School librarians across the country participate in an annual ritual to mark the end of the academic year. They diligently distribute summer reading lists and encourage students to participate in their public library’s summer reading programs.This ritual is not without scholarly support. A 2010 Dominican University study, Public Library Summer Reading Programs Close the Reading Gap, assures school librarians that participation in high-quality public library summer reading programs helps students maintain or even expand their reading abilities over the bright days of summer. Yet, with poverty at an all-time high in the US, librarians need to be mindful of the study’s other finding—that students living in poverty do not share these great reading experiences.
As a teacher-librarian in a school serving an economically diverse student population, I find Richard Allington and Anne McGill-Franzen’s recent research a compelling approach to transforming the summer reading ritual. Summer Reading: Closing the Rich/Poor Reading Achievement Gap (2013) shares the results of a multiyear intervention aimed at stemming the effects of summer slide. No academic gains achieved during the school year can overcome the effect of three months without reading. Allington and his team offered a diverse selection of trade literature, helped students pick books that interested them, and provided independent reading time. The greatest challenge to our traditional ritual is that this approach goes beyond a resources list by supplying actual books for the kids to take home and keep. In Allington and McGill-Franzen’s study, building students’ summer reading home collections resulted in improved reading achievement.
This year, at Prairie Creek Intermediate School in Cedar Rapids, Iowa, we are building on this research. We worked with our elementary educators to identify 4th graders “in the gap.” As the first group of students bounded up the stairs to browse the school-sponsored book fair, we immediately saw this was a fresh start. As kids selected their books, they informally conferred with principals, literacy coaches, and library staff about three key points:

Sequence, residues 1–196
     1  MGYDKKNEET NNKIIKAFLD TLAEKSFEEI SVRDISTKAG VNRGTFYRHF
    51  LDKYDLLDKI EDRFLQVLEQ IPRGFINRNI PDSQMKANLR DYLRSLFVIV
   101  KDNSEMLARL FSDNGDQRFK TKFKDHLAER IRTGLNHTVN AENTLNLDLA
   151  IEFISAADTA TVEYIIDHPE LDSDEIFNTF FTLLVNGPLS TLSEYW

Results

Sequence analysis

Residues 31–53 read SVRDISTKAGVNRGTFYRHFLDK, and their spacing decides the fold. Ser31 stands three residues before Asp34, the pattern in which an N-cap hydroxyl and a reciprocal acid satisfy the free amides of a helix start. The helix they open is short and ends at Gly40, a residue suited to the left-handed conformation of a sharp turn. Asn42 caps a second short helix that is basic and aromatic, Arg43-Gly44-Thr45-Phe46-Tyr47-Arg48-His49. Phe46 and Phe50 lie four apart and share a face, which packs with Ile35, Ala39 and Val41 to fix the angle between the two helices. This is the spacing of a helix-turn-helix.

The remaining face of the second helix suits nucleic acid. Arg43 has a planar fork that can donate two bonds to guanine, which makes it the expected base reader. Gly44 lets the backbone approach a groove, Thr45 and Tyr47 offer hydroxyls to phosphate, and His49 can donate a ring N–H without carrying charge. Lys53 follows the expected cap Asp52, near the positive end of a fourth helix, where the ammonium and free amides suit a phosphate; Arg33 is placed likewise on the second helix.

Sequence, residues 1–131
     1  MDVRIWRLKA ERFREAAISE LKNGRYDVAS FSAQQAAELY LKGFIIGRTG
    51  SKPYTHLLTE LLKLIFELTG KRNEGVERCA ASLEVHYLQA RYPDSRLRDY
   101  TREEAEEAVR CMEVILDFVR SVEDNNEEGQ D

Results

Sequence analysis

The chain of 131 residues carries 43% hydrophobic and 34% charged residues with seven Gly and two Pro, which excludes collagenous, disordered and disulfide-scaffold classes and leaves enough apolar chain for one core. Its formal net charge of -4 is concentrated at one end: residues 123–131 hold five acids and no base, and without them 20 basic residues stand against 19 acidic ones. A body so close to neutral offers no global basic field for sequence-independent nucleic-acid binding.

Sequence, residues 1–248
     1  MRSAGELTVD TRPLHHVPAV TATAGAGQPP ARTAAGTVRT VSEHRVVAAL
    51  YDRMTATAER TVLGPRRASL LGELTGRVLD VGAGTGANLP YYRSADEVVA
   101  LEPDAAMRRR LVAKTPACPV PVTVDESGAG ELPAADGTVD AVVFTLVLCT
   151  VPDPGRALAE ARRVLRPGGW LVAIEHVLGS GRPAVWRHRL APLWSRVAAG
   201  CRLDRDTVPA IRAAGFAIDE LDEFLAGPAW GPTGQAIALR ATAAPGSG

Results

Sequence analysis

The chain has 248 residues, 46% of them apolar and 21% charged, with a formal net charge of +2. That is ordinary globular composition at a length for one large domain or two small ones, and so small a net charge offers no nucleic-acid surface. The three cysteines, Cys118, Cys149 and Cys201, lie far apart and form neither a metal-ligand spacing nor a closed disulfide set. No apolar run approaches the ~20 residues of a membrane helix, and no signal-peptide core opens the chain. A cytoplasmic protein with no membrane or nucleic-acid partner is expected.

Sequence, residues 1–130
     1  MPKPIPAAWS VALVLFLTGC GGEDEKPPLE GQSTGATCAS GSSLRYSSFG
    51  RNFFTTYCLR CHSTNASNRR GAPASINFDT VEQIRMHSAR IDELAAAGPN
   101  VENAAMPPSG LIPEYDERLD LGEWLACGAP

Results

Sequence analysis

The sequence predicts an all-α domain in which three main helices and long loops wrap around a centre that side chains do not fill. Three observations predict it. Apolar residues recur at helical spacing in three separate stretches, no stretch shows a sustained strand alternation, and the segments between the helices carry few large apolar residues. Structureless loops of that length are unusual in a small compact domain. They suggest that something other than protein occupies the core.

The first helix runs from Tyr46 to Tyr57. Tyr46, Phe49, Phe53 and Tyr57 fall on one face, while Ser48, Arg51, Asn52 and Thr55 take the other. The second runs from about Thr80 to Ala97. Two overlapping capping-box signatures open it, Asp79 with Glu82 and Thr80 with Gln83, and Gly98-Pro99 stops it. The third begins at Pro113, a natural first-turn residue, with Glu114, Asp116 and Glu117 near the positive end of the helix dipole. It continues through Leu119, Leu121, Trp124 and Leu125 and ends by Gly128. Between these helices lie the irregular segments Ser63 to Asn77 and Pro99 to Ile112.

- Their book choices, through which we learned about their personal interests, families, and life experiences;
- Whether they could independently read their selections, determined with a 90% comprehension benchmark as kids read aloud from a few of their choices;
- Seizing the opportunity to discuss the library as a collection for the long-term reader if a book proved too difficult for the student who selected it;
- Sending students off for the summer with a bag of 10 books and our encouragement to continue the conversation through social media (paradoxically, many of these kids have internet connectivity), journaling, phone calls, and home visits.
The average bystander watching the book-shopping spree would not have known that this group is the focus of our greatest professional concern. Selections tended towards SpongeBob SquarePants, WWE wrestling (3D version), and photo biographies of the pop band One Direction.
Yet, we must embrace them as the readers they are today if they are to become thriving, literate individuals in the years to come. Long-term success will require school systems and public libraries to collaborate around direct service to these readers most in need of our expertise.
This fall, we’ll surely hear about a trove of reading experiences. We also hope to see an early effect on standardized achievement among these struggling readers. Helping them build high-interest home libraries should become integral to school librarians’ end-of-year summer reading list ritual.
ERNIE COX is teacher-librarian at Prairie Creek Intermediate School in Cedar Rapids, Iowa.